Britt’s blog gave me cancer. OK, maybe it didn’t– the science is still out on the matter. But the facts are this: I am now being treated for Stage 2C Testicular Cancer. I’m not acutely familiar with the shades of the term “irony,” but surely this is somewhere in the vicinity.
Testicular cancer is “a young man’s disease,” and for this, I am repeatedly told, I should be grateful. It is nearly 100% curable. “If you had to pick a cancer, this is the one to get,” an oncologist told me. That’s fine and all, but that’s like saying “If you had to be sat on by an elephant, you picked a nice, small elephant. Look – he balances a ball on his trunk!”
There is one question everyone wants the answer to when surgeons are removing your testicle, so I will answer it right now:
They do not replace your testicle with an artificial one.
I have been getting treatment for this since the beginning of May, and this is the first public notice I’ve given. This is a little strange for someone who can’t wait to post whatever ailment he has that day. On this one, however, I decided to go the old-fashioned route. I didn’t take to social media. I called my friends. It’s intimate when something attacks you from inside, and I needed to talk or, at the very least, privately email them. (So, maybe not so old-fashioned.)
Word gets out, anyway, and that’s fine. It’s not a secret. I have tons of great support. I’ve even given Britt permission to enlist her prayer warriors. That’s a first for this Atheist Jew, whose usual reaction to “We will pray for you” is “Please, don’t.” It’s not because I found religion, but because I realize that the faithful truly believe they are helping. I am not going to ask my friends not to do that which they believe helps. I am not going to ask my friends not to turn to that which comforts them when someone they love is sick.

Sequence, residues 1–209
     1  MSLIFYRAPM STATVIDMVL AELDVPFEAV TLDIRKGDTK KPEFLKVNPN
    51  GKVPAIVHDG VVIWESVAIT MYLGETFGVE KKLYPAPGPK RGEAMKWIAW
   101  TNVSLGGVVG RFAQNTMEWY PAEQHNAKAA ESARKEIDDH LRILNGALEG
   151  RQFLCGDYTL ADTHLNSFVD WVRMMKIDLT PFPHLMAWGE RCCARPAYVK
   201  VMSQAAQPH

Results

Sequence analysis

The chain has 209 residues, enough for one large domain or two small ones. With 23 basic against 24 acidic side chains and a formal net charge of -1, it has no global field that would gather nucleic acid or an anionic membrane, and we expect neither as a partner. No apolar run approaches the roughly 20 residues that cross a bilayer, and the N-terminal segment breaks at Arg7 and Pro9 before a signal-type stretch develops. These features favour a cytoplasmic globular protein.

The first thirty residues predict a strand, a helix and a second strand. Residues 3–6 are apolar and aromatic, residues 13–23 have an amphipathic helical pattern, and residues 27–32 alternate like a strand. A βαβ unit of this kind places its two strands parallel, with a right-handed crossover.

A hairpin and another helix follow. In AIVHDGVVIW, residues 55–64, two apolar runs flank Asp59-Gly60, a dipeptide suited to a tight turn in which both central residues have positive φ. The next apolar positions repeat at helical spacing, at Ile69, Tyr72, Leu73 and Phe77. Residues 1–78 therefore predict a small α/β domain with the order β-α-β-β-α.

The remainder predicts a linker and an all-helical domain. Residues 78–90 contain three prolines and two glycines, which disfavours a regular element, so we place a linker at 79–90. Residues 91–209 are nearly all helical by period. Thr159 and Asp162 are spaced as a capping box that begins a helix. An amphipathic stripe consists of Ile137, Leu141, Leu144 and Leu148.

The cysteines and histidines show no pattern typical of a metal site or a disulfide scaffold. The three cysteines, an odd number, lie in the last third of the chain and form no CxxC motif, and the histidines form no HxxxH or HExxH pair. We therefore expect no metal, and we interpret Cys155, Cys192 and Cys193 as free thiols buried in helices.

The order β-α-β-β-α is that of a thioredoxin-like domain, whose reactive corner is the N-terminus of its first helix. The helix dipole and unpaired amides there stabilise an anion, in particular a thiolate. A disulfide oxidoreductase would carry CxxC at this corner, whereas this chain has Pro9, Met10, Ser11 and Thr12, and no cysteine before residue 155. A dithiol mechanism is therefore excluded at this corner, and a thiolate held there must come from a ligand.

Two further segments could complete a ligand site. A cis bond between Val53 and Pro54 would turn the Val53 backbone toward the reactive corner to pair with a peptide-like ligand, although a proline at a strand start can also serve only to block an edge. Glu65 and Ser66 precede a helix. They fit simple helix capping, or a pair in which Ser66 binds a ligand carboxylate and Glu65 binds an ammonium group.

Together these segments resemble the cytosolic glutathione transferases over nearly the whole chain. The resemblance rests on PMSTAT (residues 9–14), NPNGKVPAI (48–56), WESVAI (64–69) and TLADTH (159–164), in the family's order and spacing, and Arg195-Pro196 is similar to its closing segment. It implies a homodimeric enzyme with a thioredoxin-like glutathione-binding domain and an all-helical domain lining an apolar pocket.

Two weeks into treatment, I was struck with a pulmonary embolism. This is a blood clot that finds its tiny, sticky way into your lungs. The key sign you have an embolism is that you feel as though someone chose to put up a skyscraper on your chest and neglected to get a permit from you. That morning I took a shower and ran out of breath. That afternoon, I was back in the hospital.
As a result, I now get to stick myself with a needle twice a day with blood thinners. This is the fifth drug I have started taking since chemo began to ward off the side effects of cancer and chemo. My medicine cabinet looks like a Jenga tower.
I have many more dates with needles and chemicals. What you’re reading is a cutdown of a much longer rambling at least six times as long. For now, I’m out of breath. Britt’s blog is exhausting.